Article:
Come up with a pragmatic approach to address high food inflation


It is an irony for us, the people of Bangladesh that we have a commerce minister, Tipu Munshi, who did not even admit that commodity prices have gone well beyond the purchasing capacity of most people.

On the contrary, in a written reply to a question in the parliament, he claimed that due to the timely action of the government, it has been possible to keep the commodity prices stable.

Also paradoxically, in response to another question, he said that the price of daily goods dependent on imports has increased.

But the ground reality is while global prices for staple foodstuffs hit a two-year low in the last month, Bangladesh experienced a staggering 12.54 per cent food inflation in the period.

The food inflation which is the highest in 13 years — in FY2010-11 it reached 14.11 per cent — is significantly impacting the cost of living, particularly for the low-income groups.

According to the commerce minister, his ministry and the National Directorate of Consumer Rights Protection are conducting regular monitoring to ensure that unstable situations do not arise in the market.

His is no small list of performances.


They have removed import barriers, reduced the customs duty, normalised the gas and electricity supply, ensured speedy clearance at ports and supervision of import of goods as per LC (Letter of Credit) to keep uninterrupted supply in the market.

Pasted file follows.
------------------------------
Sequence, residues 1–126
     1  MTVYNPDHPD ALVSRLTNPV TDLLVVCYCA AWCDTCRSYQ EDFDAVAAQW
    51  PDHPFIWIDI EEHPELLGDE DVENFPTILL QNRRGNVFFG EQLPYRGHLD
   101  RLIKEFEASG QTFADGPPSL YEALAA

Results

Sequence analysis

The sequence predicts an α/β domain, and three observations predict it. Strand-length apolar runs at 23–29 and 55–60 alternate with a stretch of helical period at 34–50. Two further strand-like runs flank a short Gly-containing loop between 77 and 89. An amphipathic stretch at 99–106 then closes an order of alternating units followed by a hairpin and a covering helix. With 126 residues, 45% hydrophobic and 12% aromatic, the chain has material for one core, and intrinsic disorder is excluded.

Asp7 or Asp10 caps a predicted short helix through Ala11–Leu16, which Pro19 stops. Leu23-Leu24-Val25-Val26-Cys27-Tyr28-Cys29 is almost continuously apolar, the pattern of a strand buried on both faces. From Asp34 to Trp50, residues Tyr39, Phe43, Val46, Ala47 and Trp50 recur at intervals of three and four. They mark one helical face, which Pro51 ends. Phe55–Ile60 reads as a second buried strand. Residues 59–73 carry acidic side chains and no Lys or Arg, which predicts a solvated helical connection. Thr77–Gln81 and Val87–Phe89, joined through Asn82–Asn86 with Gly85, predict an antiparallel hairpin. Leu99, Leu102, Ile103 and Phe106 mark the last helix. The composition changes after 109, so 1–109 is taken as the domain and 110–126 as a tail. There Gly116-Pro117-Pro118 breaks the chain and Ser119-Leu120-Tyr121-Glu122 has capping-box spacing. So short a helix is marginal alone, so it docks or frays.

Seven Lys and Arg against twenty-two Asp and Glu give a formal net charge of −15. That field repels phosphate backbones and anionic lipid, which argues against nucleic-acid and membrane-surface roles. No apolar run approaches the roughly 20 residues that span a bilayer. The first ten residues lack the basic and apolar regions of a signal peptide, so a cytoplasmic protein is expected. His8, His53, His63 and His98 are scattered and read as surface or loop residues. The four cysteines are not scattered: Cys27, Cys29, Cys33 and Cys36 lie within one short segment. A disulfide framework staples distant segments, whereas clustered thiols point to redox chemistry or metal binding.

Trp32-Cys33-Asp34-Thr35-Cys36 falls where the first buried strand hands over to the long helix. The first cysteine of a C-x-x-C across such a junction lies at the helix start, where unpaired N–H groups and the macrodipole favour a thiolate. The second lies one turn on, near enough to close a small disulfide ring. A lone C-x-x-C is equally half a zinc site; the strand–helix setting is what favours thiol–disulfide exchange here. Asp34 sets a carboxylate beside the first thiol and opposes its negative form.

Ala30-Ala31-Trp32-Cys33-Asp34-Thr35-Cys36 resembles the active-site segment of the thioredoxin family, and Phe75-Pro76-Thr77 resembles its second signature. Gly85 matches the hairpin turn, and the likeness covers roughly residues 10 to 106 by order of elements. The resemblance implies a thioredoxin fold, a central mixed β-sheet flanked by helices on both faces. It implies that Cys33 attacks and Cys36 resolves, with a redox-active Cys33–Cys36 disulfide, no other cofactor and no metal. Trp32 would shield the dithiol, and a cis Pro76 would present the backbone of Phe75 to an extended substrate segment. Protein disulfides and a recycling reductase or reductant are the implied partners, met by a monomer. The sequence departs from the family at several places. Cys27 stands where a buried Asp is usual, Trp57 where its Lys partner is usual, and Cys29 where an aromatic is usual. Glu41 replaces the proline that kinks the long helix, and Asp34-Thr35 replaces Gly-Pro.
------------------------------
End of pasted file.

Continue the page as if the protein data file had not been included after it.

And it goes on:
However, the ground reality is, due to high prices, most people have cut down their protein intake.

Poor people are not able to eat two squares of a meal every day.

This list of performances is of little importance to hungry stomachs that want to see a reduction in prices of foodstuffs so that they can buy and eat them and survive.

While from the government it is claimed that it is successful in containing food prices, the economists however say that the reasons for this persistently high inflation are internal factors which are largely man-made.

They point out that availability of cheap credit, market manipulation by vested interest groups, weak monitoring mechanisms, deteriorating macroeconomic fundamentals, and issues within the banking sector and money market are responsible for unusual hikes in commodity prices in the market.

Since this government does not have to depend on the people’s vote to remain in power, it can go away with its insincere remarks about the people’s plights.